Unfortunately, the film suffers a lot of criticisms from the disabled community due to the film's ending. Many easily view it as an encouragement for disabled people to kill themselves (despite the fact that Will is rich, handsome and very loved) instead of finding the courage and purpose to live on and continue to fight with hope alive. But, I don't think Me Before You does that. It doesn't glamourise the disabled or dwell deeply enough with the controversial issue that it raises. It doesn't provide a forced, pretentious happily ever after or a dubious ending. It focuses on the relationship between two main leads instead.


On a final note, go watch it and judge it yourself. Don't be dissuaded by the negative critical reviews or opinions from your peers.


Rating: 8/10




Favourite Quotes from the film:
Will: When I was a kid, this used to be my favorite place in the whole world.
Lou: I think this would still be my favorite spot.
Will: That's because you haven't been anywhere.
Lou: Oh, so where's better than this then?
Will: Paris, Place Dauphine, right by the Pont Neuf. If I shut my eyes now, I know exactly how it feels to be in that little square.
Lou: So let's go! We could get on the Eurostar right now.
Will: You don't get it, Clark. I want to be in Paris as me, the old me.

Will: You would have never let those breasts so near to me if I wasn't in a wheelchair.
Lou: Yeah, well, you never would have been looking at these breasts if you hadn't been in a wheelchair.
Will: What? Of course I would have.
Lou: No, you wouldn't. You would have been too busy looking at the leggy blondes, the ones you can smell an expense account at 40 pages and, anyway, I would have been over there serving the drinks, one of the invisibles. Am I right?
Will: Yes, but in my defense, I was an arse.
Lou: Yep!
Will: Do you know something, Clark? You are pretty much the only thing that makes me want to get up in the morning.
Lou: Then let's go somewhere, anywhere in the world just you and me. What do you say? Say yes, Will, come on.
Will: Okay.

Will: This is the kind of place people come to when they've got tired of actually living.
Lou: I'm happy here.
Will: Well, you shouldn't be. You only get one life. It's actually your duty to live it as fully as possible.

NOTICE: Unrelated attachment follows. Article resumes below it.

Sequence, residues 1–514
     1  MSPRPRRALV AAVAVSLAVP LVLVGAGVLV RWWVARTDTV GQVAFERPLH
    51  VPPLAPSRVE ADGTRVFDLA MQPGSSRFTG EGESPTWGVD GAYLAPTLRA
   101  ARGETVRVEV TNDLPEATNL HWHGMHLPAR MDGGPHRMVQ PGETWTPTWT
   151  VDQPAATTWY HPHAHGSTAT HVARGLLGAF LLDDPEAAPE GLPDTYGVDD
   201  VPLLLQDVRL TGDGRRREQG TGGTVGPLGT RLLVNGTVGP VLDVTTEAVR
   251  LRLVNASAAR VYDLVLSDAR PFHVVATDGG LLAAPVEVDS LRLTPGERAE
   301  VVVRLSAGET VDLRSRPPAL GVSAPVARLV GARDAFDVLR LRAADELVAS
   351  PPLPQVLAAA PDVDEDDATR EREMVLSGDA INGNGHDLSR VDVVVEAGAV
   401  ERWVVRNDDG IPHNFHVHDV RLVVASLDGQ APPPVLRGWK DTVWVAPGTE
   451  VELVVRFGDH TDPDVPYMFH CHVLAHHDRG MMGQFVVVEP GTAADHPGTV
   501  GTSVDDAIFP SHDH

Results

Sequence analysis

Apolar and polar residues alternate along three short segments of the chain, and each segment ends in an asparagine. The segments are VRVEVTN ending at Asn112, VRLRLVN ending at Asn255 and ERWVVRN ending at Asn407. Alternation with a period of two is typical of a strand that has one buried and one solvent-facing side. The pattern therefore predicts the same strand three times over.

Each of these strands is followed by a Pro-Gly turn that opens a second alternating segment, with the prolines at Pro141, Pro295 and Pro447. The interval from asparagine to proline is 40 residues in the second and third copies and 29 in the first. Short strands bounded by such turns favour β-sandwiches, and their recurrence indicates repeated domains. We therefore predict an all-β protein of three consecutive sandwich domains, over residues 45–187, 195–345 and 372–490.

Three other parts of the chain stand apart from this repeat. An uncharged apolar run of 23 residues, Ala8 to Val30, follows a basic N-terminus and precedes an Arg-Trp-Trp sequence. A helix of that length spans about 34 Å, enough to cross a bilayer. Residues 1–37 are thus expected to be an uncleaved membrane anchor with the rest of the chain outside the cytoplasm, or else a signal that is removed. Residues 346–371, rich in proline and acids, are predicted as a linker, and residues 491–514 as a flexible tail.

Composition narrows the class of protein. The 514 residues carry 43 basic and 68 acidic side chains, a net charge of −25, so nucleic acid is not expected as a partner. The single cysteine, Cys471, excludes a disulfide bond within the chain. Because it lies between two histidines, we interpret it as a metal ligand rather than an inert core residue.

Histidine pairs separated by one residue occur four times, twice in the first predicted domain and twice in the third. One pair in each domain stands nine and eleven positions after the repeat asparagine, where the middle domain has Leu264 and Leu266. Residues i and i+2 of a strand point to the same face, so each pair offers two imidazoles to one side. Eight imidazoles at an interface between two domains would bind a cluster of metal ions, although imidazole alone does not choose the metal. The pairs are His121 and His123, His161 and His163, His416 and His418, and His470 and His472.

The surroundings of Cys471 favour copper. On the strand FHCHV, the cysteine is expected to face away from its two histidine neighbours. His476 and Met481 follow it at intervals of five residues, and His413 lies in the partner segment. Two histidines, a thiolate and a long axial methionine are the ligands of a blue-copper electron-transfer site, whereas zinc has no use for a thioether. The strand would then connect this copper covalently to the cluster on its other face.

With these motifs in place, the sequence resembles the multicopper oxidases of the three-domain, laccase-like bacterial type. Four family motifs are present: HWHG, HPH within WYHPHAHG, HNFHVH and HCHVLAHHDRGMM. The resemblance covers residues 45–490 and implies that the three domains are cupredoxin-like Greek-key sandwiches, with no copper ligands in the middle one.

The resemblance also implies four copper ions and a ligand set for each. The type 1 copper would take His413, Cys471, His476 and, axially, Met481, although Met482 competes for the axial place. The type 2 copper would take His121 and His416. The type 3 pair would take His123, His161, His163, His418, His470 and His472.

Will: Lose the scarf. If you're going to wear a dress like that, Clark, you have to wear it with confidence.
Lou: Only you, Will Traynor, would tell a woman how to wear a bloody dress.

Will: I don't want you to miss all the things someone else could give you.

Lou: I have become a whole new person because of you.

Lou: I can't just let this happen.
Bernard: You can't change who people are.
Lou: Then what can you do?
Bernard: You love them.





Friday, 6 May 2016

Movie Review: Captain America: Civil War



Once again, Captain America: Civil War shows the best and worst of what Marvel movies can offer. As both a sequel to Captain America: The Winter Solider and The Avengers: Age of Ultron, Civil War is indeed enjoyable, fun movie with great character dynamics. While the narrative isn't quite as suspenseful and gripping as The Winter Soldier, but it does improve on its handling of different characters than Age of Ultron. Throughout the years, Marvel has repeatedly provided movies that bring interesting character pairings to let the audience see how these superhero characters relate to each other and act when they're in disagreement or conflict. This film is no longer just about impressive individual character performances, but also character groupings which allow different characters to react differently for same issues at hand, to work with or against each other within the story.